Is there a sweet spot of build quality, wide T-stop and zoom range versus size & weight? In the end, only RED may be willing to develop and market such a lens since it could advance their market penetration. Of course Jim and the gang have plenty of other things on their plate.
Blair S. Paulsen
San Diego, CA
Perhaps this is something more suitable for the proposed 2/3" Scarlet. Given a large enough market, I can't see why Canon & Fuji can't make single sensor versions of their current 2/3" HD ENG lenses. Although they'll cost much more than the camera, which will cause upset amongst some people.
Canon basically did this when they made Super 16 versions of their video lenses - I assume they just changed the rear elements.
Rodney Charters' Birger mounted stills zooms look about the most compact hand held 35mm zoom RED One I've seen. However, this has limitations like a max stop of f2.8. In the end, it'll depend on the production you're shooting if this type of rig is practical.
DP & Steadicam
>>I see issues of size and weight as the key problems. One semi-legitimate test case might be the >>PL mount Optimo Rouge (which has a different throat design and is not compatible with reflex >>cameras BTW) which is very lightweight and fast, though the 30-80mm zoom range is hardly 15->>150.
The Rouge lenses are nice designs but are based on pre-existing Optimo lenses. By re-engineering the optics without having to design around a spinning mirror mechanism behind the lens mount, Angenieux was able to keep the projected image telecentric while drastically reducing the cost of manufacture. Thus the 30-80 Rouge is a new version of the 28-76 Optimo Cine lens and the 16-42 Rouge is a new 15-40 Optimo Cine zoom. Both new lenses are the size, weight and of similar physical construction of their Cine line counterparts. Their also less than half the cost.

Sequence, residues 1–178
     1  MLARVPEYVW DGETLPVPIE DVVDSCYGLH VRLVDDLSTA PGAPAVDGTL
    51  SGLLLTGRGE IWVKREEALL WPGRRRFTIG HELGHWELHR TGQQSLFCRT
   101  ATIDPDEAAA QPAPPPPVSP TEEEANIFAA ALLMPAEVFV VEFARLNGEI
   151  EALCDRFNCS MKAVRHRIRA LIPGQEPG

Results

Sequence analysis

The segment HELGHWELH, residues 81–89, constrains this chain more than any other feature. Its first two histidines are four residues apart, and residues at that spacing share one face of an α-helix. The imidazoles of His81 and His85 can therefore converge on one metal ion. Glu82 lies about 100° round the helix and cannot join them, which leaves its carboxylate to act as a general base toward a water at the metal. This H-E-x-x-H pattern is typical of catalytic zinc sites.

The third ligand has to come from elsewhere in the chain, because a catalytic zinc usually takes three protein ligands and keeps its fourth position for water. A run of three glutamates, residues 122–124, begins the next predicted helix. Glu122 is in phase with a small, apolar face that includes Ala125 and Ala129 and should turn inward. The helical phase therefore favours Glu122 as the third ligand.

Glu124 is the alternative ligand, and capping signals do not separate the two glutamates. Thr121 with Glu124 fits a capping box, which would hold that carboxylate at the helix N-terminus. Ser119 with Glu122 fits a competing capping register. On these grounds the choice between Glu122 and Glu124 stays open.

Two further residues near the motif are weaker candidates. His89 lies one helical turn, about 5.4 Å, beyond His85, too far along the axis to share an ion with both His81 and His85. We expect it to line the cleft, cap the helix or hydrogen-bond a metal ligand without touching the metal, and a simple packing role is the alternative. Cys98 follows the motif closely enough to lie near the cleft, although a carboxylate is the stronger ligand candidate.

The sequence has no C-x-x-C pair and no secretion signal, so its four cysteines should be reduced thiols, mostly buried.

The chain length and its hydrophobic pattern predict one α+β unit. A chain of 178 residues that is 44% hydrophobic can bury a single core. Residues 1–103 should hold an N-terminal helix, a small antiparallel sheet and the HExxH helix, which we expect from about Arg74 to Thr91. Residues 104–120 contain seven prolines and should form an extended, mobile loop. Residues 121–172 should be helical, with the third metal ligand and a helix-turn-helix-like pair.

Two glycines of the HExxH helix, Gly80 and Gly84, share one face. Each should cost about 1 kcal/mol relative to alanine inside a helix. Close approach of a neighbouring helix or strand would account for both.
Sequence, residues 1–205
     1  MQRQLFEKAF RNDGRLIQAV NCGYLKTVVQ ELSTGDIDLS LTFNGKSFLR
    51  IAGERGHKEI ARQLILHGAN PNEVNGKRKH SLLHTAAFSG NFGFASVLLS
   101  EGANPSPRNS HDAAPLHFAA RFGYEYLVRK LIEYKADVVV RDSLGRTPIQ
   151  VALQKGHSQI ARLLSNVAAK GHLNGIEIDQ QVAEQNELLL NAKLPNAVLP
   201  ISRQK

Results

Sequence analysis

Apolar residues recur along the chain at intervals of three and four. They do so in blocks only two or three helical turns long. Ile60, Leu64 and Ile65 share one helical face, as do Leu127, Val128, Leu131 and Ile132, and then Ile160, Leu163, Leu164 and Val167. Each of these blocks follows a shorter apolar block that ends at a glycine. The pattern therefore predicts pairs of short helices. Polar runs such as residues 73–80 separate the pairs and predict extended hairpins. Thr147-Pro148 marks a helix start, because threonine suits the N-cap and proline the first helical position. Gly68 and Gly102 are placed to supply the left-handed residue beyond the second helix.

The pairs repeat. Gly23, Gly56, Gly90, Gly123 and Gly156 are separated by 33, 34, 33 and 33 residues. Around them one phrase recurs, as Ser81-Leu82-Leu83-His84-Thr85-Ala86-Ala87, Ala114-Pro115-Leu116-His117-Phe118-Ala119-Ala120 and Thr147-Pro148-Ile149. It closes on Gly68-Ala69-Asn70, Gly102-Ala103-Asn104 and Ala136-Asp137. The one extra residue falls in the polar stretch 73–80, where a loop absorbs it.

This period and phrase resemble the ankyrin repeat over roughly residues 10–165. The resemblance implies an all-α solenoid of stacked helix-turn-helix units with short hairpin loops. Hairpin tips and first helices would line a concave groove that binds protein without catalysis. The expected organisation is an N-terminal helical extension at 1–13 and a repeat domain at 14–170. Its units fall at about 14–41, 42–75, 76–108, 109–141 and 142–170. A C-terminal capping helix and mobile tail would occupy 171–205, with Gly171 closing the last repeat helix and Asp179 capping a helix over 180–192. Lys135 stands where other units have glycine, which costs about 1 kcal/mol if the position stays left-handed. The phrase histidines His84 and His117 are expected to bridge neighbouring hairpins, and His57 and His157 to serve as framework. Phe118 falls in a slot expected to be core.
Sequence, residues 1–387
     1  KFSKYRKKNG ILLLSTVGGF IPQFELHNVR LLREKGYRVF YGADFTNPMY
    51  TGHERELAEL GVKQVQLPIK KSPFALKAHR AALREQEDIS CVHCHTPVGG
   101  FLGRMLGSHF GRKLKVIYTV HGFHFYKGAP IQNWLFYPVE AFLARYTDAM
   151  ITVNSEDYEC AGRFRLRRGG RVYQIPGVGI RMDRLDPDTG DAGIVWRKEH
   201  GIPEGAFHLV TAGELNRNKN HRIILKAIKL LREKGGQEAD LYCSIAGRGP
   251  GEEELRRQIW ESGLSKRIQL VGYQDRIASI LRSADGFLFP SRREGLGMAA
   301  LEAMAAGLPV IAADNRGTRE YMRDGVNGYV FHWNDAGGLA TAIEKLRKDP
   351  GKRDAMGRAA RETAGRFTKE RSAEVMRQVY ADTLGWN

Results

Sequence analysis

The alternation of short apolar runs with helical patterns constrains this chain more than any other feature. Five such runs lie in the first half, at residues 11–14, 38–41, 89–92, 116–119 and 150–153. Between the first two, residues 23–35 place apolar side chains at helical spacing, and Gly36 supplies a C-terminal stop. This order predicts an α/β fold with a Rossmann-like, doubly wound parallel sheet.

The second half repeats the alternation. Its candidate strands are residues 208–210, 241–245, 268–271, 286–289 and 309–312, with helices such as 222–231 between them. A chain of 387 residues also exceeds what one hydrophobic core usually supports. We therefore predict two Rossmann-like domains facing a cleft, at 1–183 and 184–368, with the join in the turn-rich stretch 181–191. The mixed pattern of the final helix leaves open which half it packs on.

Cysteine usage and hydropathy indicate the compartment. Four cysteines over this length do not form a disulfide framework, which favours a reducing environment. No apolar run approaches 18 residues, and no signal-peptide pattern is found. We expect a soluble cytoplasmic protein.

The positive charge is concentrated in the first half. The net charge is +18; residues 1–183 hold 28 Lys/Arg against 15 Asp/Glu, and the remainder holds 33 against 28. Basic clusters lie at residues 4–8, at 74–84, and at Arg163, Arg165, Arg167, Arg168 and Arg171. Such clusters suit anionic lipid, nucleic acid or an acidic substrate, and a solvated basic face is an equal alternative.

I don't see any great advantage to mounting a servo onto any of these lenses. They're only a 2.5x zoom range. I think most people use them as a lightweight variable prime. And the focus is still a long throw, which means that in an ENG-style run & gun you'll find yourself twirling and twiling that lens to plow through the focus range. Perhaps what you really want is some small universal servo device that mounted close to where an ENG servo traditionally does for your handgrip but can separately mount it's motors to the lens. Then you could use a stills zoom with it's lightweight construction and short throw focus barrel. I can't think of a controller than would physically mimic a servo grip in quite this way, and frankly I'm rather happy about that personally. But you could try a Microforce or the Vocas zoom controller. I've seen Aaton and Arri handgrips modified to hold zoom controllers. We make a mod to use the Aaton walnut handgrip on the RED (still the nicest handgrip in the industry IMHO) and I guess it could be possible to marry a Microforce into the design. A custom rig that mounted a motor directly to the lens may be better for weight and small physical design than a rod-mounted motor, but that means a unique mounted bracket on a consumer lens so you're probably better off with a rod-mount design. I'd go with a vertical motor such as a small Heden.
Anything can be done as long as there's someone out there willing to pay for it. But no one is going to make a whole new lens design unless you're prepared to cough up a ridiculous amount of money. R&D costs for such ventures are astronomical.
Abel Cine Tech